Story | Bruce Farr
Photography | Mark Lipczynski
Let’s suppose that you had two, completely unrelated passions in your life. And, for the sake of argument, let’s say that one of them was painting with watercolors and the other was wolfing down Hostess Twinkies. Would it ever dawn on you to open a restaurant themed around those two entirely separate things?
Luckily for generations of Valley diners, longtime Phoenix real estate developer and entrepreneur Bill Brown didn’t heed advice to the contrary when, in 1972, he first got the idea to build a business around his own two passions: eating pizza and playing the pipe organ. So, he reasoned, why not combine the two?
The happy result, Organ Stop Pizza, has become a Valley institution, catering to grateful pizza pie and theater pipe organ enthusiasts continuously for the past 43 years. Today, with a dining room that often spills over with more than 700 nightly diners, and a massive, 1927-vintage Wurlitzer theater organ that originally graced a Denver theater, Organ Stop Pizza is one of those Valley phenomena that prompts residents to exclaim to visitors, “Hey, you’ve got to experience this!”
Originally sited at Seventh Street and Missouri in central Phoenix, Organ Stop’s current (and actually it’s third) location is in a fortress-like, 17,000-square-foot building just off the southwest corner of Southern Avenue and Stapley Drive in Mesa.
Demand and Supply
The good news about pizza restaurants in the Valley—and virtually anywhere else—is also, in some ways, the bad news about them: There literally are hundreds of them dotting the local desert landscape, vying for your attention, your taste buds and your wallets.
Both a bargain and a crowd-pleaser, pizza has become a national obsession. From city to city and coast to coast, the savory-sauce-and-melted-cheese-drenched wheels we crave have turned into a cultural touchstone and the numbers prove it. In 2014, according to the food industry marketing publication PMQ Pizza Magazine, the pizza-loving populace in the country plunked down a whopping $40 billion for its slices, with nearly 41 percent of its sales going to non-chain, independent pizza parlors like Organ Stop.
Interestingly, however, Jack Barz, the current manager and co-owner of Organ Stop, doesn’t really characterize the restaurant’s food as being the main attraction the popular eatery holds for its guests. Barz, who along with his business partners Pat Rowan and Brad Bishop, have worked at Organ Stop for 30-plus years, sums it all up neatly.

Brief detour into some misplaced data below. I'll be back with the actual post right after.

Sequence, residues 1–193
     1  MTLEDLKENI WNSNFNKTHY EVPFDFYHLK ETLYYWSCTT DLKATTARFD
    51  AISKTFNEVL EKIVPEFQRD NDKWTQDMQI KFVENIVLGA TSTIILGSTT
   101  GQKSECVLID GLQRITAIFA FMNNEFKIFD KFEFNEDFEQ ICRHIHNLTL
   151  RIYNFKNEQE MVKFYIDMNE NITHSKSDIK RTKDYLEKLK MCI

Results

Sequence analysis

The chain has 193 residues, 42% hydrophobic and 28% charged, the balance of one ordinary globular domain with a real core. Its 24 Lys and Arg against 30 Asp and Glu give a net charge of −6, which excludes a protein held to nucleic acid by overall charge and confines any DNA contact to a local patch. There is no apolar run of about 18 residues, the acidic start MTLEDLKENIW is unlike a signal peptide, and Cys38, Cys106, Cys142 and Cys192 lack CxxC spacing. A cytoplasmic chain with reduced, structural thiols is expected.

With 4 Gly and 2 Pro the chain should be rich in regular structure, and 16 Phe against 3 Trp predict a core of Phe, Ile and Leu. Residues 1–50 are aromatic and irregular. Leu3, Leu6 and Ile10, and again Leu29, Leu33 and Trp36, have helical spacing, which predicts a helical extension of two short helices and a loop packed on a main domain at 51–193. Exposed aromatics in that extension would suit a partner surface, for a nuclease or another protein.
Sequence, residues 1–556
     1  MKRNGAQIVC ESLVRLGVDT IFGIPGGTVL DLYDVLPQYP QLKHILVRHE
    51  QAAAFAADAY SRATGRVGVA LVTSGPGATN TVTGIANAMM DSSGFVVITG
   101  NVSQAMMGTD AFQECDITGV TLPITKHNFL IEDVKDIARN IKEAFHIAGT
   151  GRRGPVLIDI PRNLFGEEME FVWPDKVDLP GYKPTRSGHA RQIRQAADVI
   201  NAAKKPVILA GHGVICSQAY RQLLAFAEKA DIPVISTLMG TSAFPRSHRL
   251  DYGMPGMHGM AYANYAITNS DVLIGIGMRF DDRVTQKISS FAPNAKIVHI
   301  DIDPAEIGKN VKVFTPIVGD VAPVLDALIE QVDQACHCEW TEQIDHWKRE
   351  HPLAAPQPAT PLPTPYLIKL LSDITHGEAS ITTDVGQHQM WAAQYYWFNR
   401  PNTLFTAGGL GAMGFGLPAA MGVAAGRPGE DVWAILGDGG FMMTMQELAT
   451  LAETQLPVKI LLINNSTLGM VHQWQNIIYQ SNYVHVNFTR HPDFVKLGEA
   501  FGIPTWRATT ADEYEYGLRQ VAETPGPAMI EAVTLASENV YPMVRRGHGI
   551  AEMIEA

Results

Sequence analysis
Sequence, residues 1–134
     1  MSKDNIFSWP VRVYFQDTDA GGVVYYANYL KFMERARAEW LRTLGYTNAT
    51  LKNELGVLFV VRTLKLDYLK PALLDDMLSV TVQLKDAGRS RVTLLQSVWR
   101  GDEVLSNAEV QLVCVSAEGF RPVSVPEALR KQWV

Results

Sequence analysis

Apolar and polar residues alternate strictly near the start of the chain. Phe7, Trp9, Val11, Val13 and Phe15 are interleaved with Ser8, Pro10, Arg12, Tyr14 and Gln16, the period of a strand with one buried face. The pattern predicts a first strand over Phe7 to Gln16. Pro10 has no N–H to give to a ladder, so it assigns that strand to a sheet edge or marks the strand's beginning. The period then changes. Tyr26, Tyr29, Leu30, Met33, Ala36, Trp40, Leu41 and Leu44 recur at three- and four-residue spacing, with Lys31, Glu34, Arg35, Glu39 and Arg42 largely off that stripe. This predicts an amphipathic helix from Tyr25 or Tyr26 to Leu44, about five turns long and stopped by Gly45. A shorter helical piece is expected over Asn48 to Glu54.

“Honestly, I think of us more as an entertainment facility that serves pizza, rather than a restaurant that features an organ,” he says. “Of course, we want to make sure that we provide a consistently good [food] product for our diners all of the time, but people are here to experience the organ, with its lighting and special effects.”
Pie & Patriotism
The organ is truly the centerpiece at Organ Stop. Regally reposing on a tall pedestal at the front of the vast dining hall, the grand Wurlitzer presides over hundreds of diners who, like members of a music-loving church congregation, sit below it at long, communal tables. There, they have full view of the organ and its nearly 6,000 pipes, many of which light up in a dazzling array of colors to match the music’s tempo. To power its mighty chords, the enormous instrument boasts four turbine blowers that generate airflow at 14,000 cubic feet per minute.
To give the Wurlitzer all the attention it merits, the Organ Stop employs three staff organists, two of whom alternate playing night to night. The third, a musician from Portland, Ore., actually gets flown in by the restaurant to play several times a year. The music program is interactive—based on audience requests.
“We have what we call the ‘dirty dozen,’ songs that have to be played on a regular basis,” Barz says. “Songs like ‘Phantom of the Opera’ and others that are crowd pleasers.”
All of the other songs on the playlist come from the audience. (The old chestnut “Chattanooga Choo Choo,” for instance, is the most frequently requested song in Organ Stop’s history.)
Barz’s own personal favorite musical piece is a patriotic medley that’s played nearly every evening.
“It includes each of the armed services songs, ‘God Bless America’ and then concludes with our national anthem, ‘The Star-Spangled Banner,’ ” he notes.
To the delight of as many as 700 nightly diners of all ages who fill the vast dining room, as the medley’s music rises in volume and reaches a crescendo of patriotism, an enormous American flag slowly unfurls from the rafters.
“No matter how often it gets played, everyone reacts the same,” Barz says. “They stand up and take off their hats and sing along. It’s just a neat thing to witness.”
Not by the Numbers
To get a sense for how popular Organ Stop is with locals and tourists alike, one need only look at their pizza sales.
“During our peak seasons, from say 3 to 9 p.m. on a busy night, we’ll sell between 1,100 to 1,200 pizzas,” Barz says.
But adding up the numbers hardly tells the whole story about what so many people have been seeking—and clearly finding—throughout Organ Stop Pizza’s long history. The restaurant’s particular alchemy defies easy description.
Barz does agree, though, that diners come in looking for the kind of experience that’s rooted in a different era in this country—an experience that, on its surface, might seem somewhat outdated or anachronistic, but, in reality, is actually still very much in demand by a large segment of the population.
“It’s something they can’t find anywhere else,” he says. “Something where people from 2 to 102 years of age can come in and just enjoy it without anyone—ever—being bored.”